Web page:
The U.S. State Department confirmed Wednesday that U.S. and Cuban officials will meet July 17 in Washington to resume long-suspended migration talks, but said the talks do not represent a change in U.S. policy toward the island.
“Continuing to ensure secure migration between the U.S. and Cuba is consistent with our interests in promoting greater freedoms and increased respect for human rights in Cuba,” department spokesman William Ostick said.
“I can confirm that on July 17, representatives of the Department of State are scheduled to meet with representatives of the government of Cuba to discuss migration issues,” Ostick added.
The resumption of the migration talks, first reported Tuesday by El Nuevo Herald, is viewed as an effort by the Obama administration to improve relations with Havana, hamstrung by Cuba’s jailing of U.S. government subcontractor Alan Gross since 2009.
The spokesman noted that under the terms of U.S.-Cuba accords in 1994 and 1995 — which followed the 1994 balsero crisis that saw 30,000 people flee Cuba in homemade rafts — the two countries agreed to work toward “safe, legal and orderly migration.”
The agreements also called for periodic reviews of the implementation of those accords.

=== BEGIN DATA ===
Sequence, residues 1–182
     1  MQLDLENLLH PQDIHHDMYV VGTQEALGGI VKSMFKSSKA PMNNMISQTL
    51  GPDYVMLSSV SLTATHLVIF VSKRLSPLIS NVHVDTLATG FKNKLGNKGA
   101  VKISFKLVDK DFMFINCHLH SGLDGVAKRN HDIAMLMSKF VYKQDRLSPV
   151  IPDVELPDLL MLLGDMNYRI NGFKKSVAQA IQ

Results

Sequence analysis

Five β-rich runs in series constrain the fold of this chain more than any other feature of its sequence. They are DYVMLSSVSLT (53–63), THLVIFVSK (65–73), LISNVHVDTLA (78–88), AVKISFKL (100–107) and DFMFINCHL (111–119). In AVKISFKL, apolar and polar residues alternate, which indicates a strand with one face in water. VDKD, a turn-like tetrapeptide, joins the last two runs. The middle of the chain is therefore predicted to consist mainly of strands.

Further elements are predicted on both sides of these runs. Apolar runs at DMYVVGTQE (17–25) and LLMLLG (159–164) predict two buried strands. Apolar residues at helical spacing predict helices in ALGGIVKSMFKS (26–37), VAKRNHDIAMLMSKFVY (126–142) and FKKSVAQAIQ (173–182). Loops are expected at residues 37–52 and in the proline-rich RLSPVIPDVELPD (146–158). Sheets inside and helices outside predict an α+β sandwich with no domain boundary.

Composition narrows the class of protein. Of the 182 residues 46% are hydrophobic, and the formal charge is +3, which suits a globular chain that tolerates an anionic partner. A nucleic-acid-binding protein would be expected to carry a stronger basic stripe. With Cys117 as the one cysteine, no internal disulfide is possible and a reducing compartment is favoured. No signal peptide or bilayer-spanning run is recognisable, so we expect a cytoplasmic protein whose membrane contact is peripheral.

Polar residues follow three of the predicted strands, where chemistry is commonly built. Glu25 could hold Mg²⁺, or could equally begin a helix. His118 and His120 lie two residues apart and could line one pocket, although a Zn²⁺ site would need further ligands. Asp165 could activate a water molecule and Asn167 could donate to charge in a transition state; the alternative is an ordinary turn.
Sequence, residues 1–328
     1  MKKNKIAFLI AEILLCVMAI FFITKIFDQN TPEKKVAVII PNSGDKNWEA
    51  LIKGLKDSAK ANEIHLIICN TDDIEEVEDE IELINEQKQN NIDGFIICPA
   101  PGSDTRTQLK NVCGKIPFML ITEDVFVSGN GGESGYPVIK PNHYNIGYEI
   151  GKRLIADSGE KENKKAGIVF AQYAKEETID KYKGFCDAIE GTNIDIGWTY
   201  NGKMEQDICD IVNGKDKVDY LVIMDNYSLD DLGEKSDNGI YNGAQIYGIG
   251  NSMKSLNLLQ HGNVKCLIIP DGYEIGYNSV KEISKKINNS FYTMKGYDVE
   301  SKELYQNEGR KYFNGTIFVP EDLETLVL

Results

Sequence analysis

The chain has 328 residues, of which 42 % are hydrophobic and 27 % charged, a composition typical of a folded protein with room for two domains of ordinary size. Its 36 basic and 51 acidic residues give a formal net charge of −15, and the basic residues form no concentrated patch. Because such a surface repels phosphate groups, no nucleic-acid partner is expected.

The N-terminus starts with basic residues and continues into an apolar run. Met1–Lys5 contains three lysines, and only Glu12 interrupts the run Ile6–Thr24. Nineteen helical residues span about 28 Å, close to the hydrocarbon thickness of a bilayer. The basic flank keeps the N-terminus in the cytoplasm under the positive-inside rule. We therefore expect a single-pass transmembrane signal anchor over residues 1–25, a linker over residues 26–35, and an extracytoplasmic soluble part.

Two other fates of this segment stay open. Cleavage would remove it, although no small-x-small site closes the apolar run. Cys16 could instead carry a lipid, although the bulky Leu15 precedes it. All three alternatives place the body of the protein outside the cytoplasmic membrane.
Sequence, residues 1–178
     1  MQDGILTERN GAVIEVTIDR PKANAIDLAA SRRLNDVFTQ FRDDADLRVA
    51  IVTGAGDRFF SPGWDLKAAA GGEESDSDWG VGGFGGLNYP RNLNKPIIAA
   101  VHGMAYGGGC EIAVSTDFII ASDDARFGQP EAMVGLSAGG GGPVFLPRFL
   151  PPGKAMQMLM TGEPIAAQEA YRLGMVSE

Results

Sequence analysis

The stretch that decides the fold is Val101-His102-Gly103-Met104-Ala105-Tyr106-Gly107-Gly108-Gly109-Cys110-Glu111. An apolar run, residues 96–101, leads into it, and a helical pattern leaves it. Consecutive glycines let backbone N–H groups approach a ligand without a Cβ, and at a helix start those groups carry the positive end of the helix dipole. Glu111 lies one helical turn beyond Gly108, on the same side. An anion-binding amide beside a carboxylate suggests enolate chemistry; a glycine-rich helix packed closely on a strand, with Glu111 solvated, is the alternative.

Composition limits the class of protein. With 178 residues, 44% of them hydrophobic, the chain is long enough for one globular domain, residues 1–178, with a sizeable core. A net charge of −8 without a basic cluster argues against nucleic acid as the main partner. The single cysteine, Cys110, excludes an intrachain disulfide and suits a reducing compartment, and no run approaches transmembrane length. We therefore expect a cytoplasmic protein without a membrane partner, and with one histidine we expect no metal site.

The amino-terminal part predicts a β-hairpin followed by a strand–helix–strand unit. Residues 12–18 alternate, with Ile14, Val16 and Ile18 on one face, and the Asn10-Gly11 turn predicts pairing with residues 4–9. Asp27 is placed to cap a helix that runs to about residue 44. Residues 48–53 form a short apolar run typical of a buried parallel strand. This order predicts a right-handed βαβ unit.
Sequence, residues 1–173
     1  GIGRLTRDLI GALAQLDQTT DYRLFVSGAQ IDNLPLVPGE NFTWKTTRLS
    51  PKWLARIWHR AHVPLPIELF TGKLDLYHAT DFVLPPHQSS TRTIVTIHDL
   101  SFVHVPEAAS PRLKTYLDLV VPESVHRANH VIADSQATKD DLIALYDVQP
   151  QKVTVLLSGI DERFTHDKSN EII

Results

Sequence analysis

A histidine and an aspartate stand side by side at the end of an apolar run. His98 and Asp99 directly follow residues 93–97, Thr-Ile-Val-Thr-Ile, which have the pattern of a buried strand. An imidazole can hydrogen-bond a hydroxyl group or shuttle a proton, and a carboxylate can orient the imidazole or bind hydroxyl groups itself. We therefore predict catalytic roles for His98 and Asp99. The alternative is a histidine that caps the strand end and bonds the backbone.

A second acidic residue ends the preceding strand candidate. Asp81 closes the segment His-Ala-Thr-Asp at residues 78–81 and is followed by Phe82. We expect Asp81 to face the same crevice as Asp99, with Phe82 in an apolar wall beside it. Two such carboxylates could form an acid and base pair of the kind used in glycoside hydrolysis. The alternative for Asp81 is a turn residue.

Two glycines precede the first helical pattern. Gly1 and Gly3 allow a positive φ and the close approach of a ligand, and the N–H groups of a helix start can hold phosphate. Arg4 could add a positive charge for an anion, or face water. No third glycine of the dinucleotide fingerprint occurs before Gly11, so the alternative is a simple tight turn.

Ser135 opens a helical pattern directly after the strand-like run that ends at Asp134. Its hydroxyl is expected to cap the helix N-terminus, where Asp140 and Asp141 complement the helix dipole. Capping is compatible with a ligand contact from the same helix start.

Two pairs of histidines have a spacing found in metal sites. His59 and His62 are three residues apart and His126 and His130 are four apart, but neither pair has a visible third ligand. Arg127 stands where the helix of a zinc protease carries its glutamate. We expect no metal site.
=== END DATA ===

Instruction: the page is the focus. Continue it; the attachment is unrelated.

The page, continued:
President George W. Bush suspended the twice-annual reviews in 2003. The Obama administration resumed them in 2009 but suspended them again after Gross was arrested in Havana late that year.
Gross is serving a 15-year sentence for giving Cuban Jews sophisticated communications equipment paid for by the U.S. government in what Havana views as a thinly veiled effort to topple the communist-run government.
Obama administration officials have said repeatedly that there can be no significant improvement in bilateral relations until Gross is freed. Havana has offered to swap him for four convicted Cuban spies in U.S. prisons, but Washington has rejected that deal.
Opponents of warmer U.S. relations with Havana have decried the resumption of the migration talks as a unilateral Obama concession to Cuba at a time when Gross is being held in a Havana prison.
But Ted Piccone, a senior fellow at Brookings Institution in Washington, said the migration talks and a separate round of bilateral meetings this week in Washington on direct mail service, suspended since the 1960s, were positive developments.
“The resumption of these talks shows that the two sides are looking for cooperation and dialogue while trying to figure out a solution for Alan Gross,” he said. Regardless of the results, “just the fact that they are having them is positive.”